''Clearly we feel genuine sympathy and empathy for him,'' Maher said. ''But you have to be able to perform the essential functions of the job. He can't be reasonably accommodated.''

George DiBlasi, head of the Massachusetts Chiefs of Police Association, said departments with limited budgets can't ''make work'' for disabled officers without endangering public safety.

''Your heart says, `Gee, I want to take care of this person,' but your brain says you can't,'' DiBlasi said. ''And once you start changing those things for one person, you have to do it for another and soon you have a lot of problems.''

Like it or not, DiBlasi said, that's why the police disability retirement system was developed.

Provenzano said he was offered early retirement two years ago when he was first diagnosed. But with two school-age children at home, retiring at half his base salary isn 't an option, he said.

Instead, he made numerous suggestions for more meaningful assignments - night detective, community relations officer, public relations officer, dispatch supervisor.

''It's not like I'm a GED-kind of guy. I can perform the job,'' said Provenzano, who has bachelor's degrees in political science and criminal justice from Northeastern University, as well as a master's degree in criminal justice from Anna Maria College.

All his ideas were rejected, he said, and there began what his lawyer called a ''campaign of humiliation.''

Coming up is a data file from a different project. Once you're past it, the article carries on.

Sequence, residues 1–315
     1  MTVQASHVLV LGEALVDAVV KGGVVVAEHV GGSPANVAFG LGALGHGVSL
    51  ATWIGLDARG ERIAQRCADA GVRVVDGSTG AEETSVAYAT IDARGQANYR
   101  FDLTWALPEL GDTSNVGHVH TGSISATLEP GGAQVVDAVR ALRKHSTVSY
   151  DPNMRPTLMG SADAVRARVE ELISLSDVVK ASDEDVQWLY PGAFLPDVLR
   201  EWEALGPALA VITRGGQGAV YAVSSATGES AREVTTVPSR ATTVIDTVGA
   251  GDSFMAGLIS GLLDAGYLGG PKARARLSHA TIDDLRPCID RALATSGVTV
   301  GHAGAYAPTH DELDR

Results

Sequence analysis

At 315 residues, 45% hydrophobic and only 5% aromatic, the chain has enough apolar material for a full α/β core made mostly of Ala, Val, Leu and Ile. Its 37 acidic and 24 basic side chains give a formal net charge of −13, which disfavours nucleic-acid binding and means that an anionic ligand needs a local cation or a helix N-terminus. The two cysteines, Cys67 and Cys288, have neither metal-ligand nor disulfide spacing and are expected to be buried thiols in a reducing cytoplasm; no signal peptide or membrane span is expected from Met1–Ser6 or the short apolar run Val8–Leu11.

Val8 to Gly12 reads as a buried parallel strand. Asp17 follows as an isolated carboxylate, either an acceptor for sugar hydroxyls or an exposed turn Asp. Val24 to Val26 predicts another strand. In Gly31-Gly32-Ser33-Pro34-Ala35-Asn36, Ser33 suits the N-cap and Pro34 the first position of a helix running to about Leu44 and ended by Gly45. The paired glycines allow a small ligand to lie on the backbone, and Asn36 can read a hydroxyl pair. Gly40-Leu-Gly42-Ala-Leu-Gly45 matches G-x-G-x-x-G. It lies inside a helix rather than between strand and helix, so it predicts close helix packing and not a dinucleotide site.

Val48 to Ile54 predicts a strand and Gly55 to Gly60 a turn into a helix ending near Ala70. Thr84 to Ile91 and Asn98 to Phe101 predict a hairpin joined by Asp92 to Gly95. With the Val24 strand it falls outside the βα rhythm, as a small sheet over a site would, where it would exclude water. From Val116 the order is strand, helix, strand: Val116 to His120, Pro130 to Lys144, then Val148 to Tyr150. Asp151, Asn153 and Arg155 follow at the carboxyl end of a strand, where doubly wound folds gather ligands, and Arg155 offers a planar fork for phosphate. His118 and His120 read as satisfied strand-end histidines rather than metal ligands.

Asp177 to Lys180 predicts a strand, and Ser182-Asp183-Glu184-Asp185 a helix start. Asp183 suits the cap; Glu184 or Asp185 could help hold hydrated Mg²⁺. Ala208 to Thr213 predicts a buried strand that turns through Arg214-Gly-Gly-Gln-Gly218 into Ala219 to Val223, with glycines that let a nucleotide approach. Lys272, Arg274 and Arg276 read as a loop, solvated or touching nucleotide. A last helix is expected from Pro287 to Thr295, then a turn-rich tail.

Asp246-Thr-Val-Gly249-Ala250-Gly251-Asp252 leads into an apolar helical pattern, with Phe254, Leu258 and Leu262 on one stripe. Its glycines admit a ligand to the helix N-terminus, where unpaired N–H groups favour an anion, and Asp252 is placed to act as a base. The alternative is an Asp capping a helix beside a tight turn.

He was put on ''light duty'' and ordered to work out of the ''report room,'' a windowless, 9-by-4-foot former supply closet. He was forced to cover his uniform when leaving the station.

Arlington Police Chief Fred Ryan, who took over the department in early September, said he wasn't familiar enough with Provenzano's situation to comment. Under the previous chief, Eugene Del Gaizo, the department was plagued by several scandals, including the conviction of an officer last summer for peeping through a woman's window and the disciplining of two others who helped cover up the incident.

Maher said Provenzano is required to cover his uniform when leaving the station because if it were visible, citizens might mistakenly assume he was physically able to assist them. If Provenzano were unable to help, the town could be sued, he said.

Officers with multiple sclerosis in other towns appear to have fared better.

In Wayland, Sgt. Steve Williams performs a mix of duties ranging from overseeing the evidence room to investigating cold cases to supervising crime scene and accident scene investigations.

Williams said he and a ''half dozen'' other officers around the state with multiple sclerosis remain valuable to their departments, although they try to keep their disabilities under wraps as much as possible.

Since the disease's effects can vary widely, some officers don't even tell their employers until it becomes absolutely necessary.

For Williams, the issue comes down to whether police departments value experience and intelligence as much as physical agility.

''You have 20 years invested in this police officer,'' he said. ''Do you use that and let him make a contribution, or do you say `Let's kick him out and throw him away.'''

This story ran on page A01 of the Boston Globe on 11/07/99.
© Copyright 1999 Globe Newspaper Company.